Giving Compass' Take:

• Katerina Bozhinova reports that farmland in the U.S. is rapidly shrinking - putting the food supply and rural economies at risk. 

• How can philanthropy help to support a sustainable farm ecosystem in the United States? How can philanthropists effectively partner with farmers and the government to address this problem? 

• Learn more about the impacts of urban sprawl on farmland

Farmland in the United States decreased by 31 million acres, a territory equivalent to the state of New York, over a 20 year period, according to the American Farmland Trust (AFT). Their new report assessed the loss of U.S. farmland and ranchland from 1992 to 2012. “Farms Under Threat: The State of America’s Farmland” is the most comprehensive assessment to date of farmland in the U.S. and reveals that the actual loss of farmland amounts to twice the previously documented land.

“Without farms, there’s not only no food, but there’s no future. We need farmland to feed us and sustain our economy—but also to help restore our planet.”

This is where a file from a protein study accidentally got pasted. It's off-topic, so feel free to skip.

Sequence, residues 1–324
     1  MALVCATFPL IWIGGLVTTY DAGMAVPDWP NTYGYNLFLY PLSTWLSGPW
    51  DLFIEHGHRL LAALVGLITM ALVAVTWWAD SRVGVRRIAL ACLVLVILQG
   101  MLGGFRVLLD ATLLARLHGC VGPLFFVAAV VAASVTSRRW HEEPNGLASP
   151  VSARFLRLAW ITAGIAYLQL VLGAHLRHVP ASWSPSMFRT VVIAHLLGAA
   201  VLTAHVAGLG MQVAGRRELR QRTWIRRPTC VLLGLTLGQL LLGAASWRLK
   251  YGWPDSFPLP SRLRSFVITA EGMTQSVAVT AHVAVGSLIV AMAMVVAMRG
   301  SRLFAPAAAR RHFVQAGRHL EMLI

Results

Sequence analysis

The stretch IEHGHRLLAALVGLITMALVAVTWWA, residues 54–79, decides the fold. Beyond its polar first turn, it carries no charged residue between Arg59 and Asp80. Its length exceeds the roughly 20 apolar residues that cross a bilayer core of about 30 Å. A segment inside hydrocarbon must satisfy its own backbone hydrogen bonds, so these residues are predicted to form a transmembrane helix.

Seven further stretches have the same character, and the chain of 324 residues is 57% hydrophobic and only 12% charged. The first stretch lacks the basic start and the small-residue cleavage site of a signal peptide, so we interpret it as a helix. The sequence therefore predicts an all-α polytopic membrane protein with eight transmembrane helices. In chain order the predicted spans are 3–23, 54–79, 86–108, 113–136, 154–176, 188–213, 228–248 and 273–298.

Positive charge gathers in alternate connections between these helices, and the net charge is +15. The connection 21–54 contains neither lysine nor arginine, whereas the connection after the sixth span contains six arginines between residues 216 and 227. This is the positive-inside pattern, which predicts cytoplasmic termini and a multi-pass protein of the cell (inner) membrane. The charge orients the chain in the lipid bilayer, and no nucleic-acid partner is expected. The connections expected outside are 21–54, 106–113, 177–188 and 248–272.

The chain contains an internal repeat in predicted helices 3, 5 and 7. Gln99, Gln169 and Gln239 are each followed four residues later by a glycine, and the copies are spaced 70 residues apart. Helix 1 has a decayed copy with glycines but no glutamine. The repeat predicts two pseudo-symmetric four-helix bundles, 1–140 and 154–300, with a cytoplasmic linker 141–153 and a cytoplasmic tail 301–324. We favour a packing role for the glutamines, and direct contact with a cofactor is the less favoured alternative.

In less than a generation, the United States lost 11 million acres of its best farmland to the expanding U.S. cities and towns. Urban sprawl has absorbed agricultural land for commercial, residential, and industrial development. While urban development converted mostly cropland, low-density residential development took an equal toll on cropland and pastures. Since 1997, large-lot properties have increased in number and are often too small to incorporate traditional farming, ranching, or forestry. They do not contribute to rural economies and lead to a loss of open space and a decreasing wildlife habitat.

Read the full article on U.S. farmlands by Katerina Bozhinova at Food Tank.